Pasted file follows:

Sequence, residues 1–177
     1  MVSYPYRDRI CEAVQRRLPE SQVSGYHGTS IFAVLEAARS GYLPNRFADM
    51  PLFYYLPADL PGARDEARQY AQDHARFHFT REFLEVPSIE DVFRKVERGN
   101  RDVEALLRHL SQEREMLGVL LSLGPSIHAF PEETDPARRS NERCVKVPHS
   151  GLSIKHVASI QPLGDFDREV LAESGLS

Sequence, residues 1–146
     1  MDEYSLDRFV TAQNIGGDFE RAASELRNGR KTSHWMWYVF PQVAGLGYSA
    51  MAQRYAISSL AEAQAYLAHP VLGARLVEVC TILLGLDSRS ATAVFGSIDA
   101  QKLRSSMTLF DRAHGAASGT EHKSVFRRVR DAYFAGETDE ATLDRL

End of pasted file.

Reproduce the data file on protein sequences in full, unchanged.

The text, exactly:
Sequence, residues 1–177
     1  MVSYPYRDRI CEAVQRRLPE SQVSGYHGTS IFAVLEAARS GYLPNRFADM
    51  PLFYYLPADL PGARDEARQY AQDHARFHFT REFLEVPSIE DVFRKVERGN
   101  RDVEALLRHL SQEREMLGVL LSLGPSIHAF PEETDPARRS NERCVKVPHS
   151  GLSIKHVASI QPLGDFDREV LAESGLS

Sequence, residues 1–146
     1  MDEYSLDRFV TAQNIGGDFE RAASELRNGR KTSHWMWYVF PQVAGLGYSA
    51  MAQRYAISSL AEAQAYLAHP VLGARLVEVC TILLGLDSRS ATAVFGSIDA
   101  QKLRSSMTLF DRAHGAASGT EHKSVFRRVR DAYFAGETDE ATLDRL